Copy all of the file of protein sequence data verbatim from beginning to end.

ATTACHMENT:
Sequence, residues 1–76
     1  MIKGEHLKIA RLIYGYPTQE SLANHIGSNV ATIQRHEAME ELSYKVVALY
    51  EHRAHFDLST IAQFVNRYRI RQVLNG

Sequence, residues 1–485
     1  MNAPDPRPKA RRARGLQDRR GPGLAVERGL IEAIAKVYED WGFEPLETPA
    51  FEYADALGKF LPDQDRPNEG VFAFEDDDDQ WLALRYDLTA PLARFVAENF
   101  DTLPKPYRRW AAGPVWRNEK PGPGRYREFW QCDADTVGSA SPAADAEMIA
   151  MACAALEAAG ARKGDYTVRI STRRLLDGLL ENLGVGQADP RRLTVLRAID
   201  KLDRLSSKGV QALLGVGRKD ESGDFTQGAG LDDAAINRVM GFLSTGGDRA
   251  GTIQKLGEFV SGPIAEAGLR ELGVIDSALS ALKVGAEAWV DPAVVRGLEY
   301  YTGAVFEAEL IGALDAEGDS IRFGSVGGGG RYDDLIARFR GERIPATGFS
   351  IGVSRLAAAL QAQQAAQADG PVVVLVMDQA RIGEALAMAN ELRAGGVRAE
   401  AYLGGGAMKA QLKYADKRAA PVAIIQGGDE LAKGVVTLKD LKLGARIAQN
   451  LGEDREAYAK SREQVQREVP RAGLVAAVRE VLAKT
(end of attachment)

Sequence, residues 1–76
     1  MIKGEHLKIA RLIYGYPTQE SLANHIGSNV ATIQRHEAME ELSYKVVALY
    51  EHRAHFDLST IAQFVNRYRI RQVLNG

Sequence, residues 1–485
     1  MNAPDPRPKA RRARGLQDRR GPGLAVERGL IEAIAKVYED WGFEPLETPA
    51  FEYADALGKF LPDQDRPNEG VFAFEDDDDQ WLALRYDLTA PLARFVAENF
   101  DTLPKPYRRW AAGPVWRNEK PGPGRYREFW QCDADTVGSA SPAADAEMIA
   151  MACAALEAAG ARKGDYTVRI STRRLLDGLL ENLGVGQADP RRLTVLRAID
   201  KLDRLSSKGV QALLGVGRKD ESGDFTQGAG LDDAAINRVM GFLSTGGDRA
   251  GTIQKLGEFV SGPIAEAGLR ELGVIDSALS ALKVGAEAWV DPAVVRGLEY
   301  YTGAVFEAEL IGALDAEGDS IRFGSVGGGG RYDDLIARFR GERIPATGFS
   351  IGVSRLAAAL QAQQAAQADG PVVVLVMDQA RIGEALAMAN ELRAGGVRAE
   401  AYLGGGAMKA QLKYADKRAA PVAIIQGGDE LAKGVVTLKD LKLGARIAQN
   451  LGEDREAYAK SREQVQREVP RAGLVAAVRE VLAKT